Deficiencies in national audit of services for children with Type 1 diabetes

Significant deficiencies have emerged in a national audit in services for children with Type 1 diabetes.

It showed many services have insufficient diabetes nurses and dieticians and poor access to psychosocial services. Just one of the 19 centres managing children with Type 1 diabetes had the recommended number of diabetic nurse specialists.

However, the centre did not have a dedicated paediatric diabetic nurse specialist.

There were 2,518 children attending the centres in 2012 and the study showed that many were being deprived of insulin pump therapy, with usage ranging from 0 to 42%.

Children with Type 1 diabetes need specialist care, ideally provided by a team with appropriate expertise in dealing with the condition that requires life-long insulin therapy.

However, the study by researchers at the Children’s University Hospital, Temple Street, Dublin, reveals a wide variation in the structure and process of care between centres.

With limited resources available, the authors say “regionalising diabetes care for children with Type 1 diabetes should be considered”.

Diabetes Ireland welcomed the report published in the latest issue of the Irish Medical Journal, saying it simply reiterated their understanding of the current state of diabetes paediatric care in Ireland.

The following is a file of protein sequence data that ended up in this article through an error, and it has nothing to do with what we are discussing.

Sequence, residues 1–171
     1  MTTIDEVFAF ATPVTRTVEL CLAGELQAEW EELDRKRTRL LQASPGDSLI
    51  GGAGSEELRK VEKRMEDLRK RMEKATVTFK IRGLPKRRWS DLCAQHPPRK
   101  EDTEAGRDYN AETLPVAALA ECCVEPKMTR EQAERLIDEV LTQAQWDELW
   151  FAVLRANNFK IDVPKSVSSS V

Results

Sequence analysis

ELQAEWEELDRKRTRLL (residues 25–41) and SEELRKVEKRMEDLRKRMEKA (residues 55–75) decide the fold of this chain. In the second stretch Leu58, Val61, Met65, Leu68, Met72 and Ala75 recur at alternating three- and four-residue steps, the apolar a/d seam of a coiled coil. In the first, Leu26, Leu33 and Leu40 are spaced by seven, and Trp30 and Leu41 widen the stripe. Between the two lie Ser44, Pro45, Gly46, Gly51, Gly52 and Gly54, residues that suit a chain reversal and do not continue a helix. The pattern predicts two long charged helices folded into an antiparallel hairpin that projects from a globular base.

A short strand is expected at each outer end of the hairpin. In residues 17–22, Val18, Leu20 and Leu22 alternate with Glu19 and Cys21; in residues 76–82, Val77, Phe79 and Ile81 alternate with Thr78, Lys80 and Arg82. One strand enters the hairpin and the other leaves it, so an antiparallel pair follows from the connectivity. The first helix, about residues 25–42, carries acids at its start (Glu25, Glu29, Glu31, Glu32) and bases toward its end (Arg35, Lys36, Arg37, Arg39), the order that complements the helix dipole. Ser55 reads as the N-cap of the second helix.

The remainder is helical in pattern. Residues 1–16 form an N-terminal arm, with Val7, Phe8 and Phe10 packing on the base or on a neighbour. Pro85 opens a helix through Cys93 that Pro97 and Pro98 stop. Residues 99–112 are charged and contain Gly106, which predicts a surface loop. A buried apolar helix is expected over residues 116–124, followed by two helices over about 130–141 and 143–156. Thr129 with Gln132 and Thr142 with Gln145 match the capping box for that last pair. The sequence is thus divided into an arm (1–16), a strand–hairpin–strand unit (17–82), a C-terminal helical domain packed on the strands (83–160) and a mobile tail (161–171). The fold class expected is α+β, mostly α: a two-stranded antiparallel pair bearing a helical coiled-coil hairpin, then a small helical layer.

It said every child and young adult should have access to insulin pump therapy, if clinically deemed to be beneficial.

Diabetes Ireland chief executive Kieran O’Leary said the audit confirmed children with Type 1 diabetes were not getting internationally recommended three-month reviews and it was a particular concern in the larger centres.

“While we do agree there needs to be regionalisation of services in areas of large geographical spread — such as in the north-west, Mayo, and Cork/Kerry — we do feel that outreach services from these centres of excellence to a local service will provide far greater support to families,” he said.

“We would also see GPs, trained in the management of rapid diagnosis and sick day management as being a vital cog in a structured service so that they can effectively look after routine illnesses in people with Type 1 diabetes.”

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